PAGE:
Reflections on Election Night

I realize that I am in a church that stands divided amongst itself. With the results of this term's elections less than a few hours away, I can look back and really see the polarization that exists, and the problems in dealing with that rift.

I belong to a church who's leaders plead for it's followers to vote solely on the issues of abortion and same-sex marriage. This is the stance of many bishops, in spite of the fact that 12.5 million people are illiterate in this country, the fact that your child has a 40% chance of being offered drugs in the 9th grade of an average public school, and we spend billions on a senseless war that has already been cited: "Post war findings do not support the 2002 National Intelligence Estimate (NIE) assessment that 'Iraq has biological weapons'" source

I belong to a church that teaches charity and justice to all people, yet when I look out into the see of faces during a Mass, they are always one color. Even at integrated parishes, each "group" attends their own Mass; a contradiction in the idea of being the unified Body of Christ.

I belong to a church that reaches out to the needs of the poor and needy, but those people refuse to accept our theology with regards to Christianity. Whether it be from not understanding our Catholic Tradition, being disgusted with the treatment of priests acting immorally with children, or feeling neglected for so long from the Church, many of the people we serve feel unwelcome or distanced.

I belong to a church that continues to change, both for the good and for the bad. There are people who are still stuck in the 60's, trying to radically change things to a more modern approach. We've gone from the "Father, Son, and the Holy Spirit" to "Creator, Redeemer, and Sanctifier," all in the name of inclusive language.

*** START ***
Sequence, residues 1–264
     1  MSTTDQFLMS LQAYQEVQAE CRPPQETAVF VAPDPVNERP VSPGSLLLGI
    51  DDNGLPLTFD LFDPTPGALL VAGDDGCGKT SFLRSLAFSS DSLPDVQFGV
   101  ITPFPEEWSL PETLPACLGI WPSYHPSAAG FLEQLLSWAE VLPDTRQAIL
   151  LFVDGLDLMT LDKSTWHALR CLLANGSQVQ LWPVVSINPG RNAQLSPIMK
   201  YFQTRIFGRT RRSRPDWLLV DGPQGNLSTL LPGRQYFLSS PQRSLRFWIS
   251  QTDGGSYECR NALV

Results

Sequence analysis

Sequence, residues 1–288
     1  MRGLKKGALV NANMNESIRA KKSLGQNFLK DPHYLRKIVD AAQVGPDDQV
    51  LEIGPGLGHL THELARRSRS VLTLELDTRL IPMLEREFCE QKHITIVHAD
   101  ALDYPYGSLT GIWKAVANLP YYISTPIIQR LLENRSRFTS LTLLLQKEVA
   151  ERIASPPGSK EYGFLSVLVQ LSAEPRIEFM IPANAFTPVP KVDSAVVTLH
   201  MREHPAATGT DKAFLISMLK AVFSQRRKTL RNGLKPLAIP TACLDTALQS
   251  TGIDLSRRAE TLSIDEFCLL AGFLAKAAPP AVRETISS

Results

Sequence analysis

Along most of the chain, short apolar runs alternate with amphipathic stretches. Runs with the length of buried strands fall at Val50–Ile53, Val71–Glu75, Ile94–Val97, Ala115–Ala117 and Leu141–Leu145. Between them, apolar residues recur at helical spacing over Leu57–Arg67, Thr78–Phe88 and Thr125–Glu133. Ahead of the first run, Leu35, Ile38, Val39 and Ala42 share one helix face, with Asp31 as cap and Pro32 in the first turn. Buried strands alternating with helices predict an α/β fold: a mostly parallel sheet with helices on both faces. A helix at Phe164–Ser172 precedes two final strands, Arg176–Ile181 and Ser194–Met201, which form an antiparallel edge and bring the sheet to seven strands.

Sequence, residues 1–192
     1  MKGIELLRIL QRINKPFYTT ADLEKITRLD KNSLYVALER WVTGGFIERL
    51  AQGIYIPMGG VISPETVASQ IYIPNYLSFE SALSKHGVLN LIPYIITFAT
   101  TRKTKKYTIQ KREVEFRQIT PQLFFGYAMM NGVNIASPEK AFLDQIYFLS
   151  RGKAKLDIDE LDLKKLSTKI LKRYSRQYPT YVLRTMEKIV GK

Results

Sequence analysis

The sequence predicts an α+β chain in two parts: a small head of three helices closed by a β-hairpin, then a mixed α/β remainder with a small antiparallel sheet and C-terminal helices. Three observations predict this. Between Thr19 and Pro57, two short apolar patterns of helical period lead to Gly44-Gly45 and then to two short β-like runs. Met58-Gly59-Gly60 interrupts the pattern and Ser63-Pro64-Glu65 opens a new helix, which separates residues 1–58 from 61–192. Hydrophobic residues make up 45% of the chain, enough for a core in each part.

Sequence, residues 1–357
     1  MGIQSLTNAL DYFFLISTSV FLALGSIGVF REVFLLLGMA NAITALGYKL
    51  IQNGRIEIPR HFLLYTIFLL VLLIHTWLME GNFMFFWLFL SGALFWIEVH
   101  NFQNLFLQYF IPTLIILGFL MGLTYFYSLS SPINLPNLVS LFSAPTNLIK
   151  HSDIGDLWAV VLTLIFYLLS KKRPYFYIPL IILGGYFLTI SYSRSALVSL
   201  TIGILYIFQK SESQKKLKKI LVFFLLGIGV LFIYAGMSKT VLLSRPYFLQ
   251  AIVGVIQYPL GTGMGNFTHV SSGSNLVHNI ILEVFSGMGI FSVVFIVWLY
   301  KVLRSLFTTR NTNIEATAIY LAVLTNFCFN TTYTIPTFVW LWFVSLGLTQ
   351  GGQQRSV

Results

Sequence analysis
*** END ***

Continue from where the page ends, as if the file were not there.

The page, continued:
I belong to a church that struggles between the legalistic and hierarchical structure that has kept things going for so long, and the inner conscience that drives their sense of right and wrong. Until the end of time, this battle will continue to wage between what is "canonically correct" and what is "of pure conscience and of the Holy Spirit."

I belong to a church of elitist white suburbanites, dirt-poor illegal aliens, old European immigrants, young people rediscovering Traditional Catholic roots, liberal post-modernists, social activists, gay/lesbians dealing with faith, social conservatives, and guys like me who try to find that one, holy, Catholic, and apostolic church in the midst of all these people.

As this election day comes to an end, I think about all these people who make up the Catholic Church. Perhaps the example we've seen play out for the past two years is something we need to look at with regards to our church. Are we willing to denounce those whom we call brothers and sisters in Christ because of our perspective on what is "right and proper?"

I like to think that the divisiveness that exists is the opportunity that God has given us to practice the Gospel as Jesus lived it. If, by some miracle of charity, we're able to set aside our differences and become one Church that is unified in spirit and not just in observance to the succession of St. Peter, perhaps that is when we'll no that we really "get it."

Vote for the candidate that most reflects your sense of self. May we be blessed with the opportunity to turn back from some of the earlier mistakes, and use that chance to become closer as a nation and as a church.

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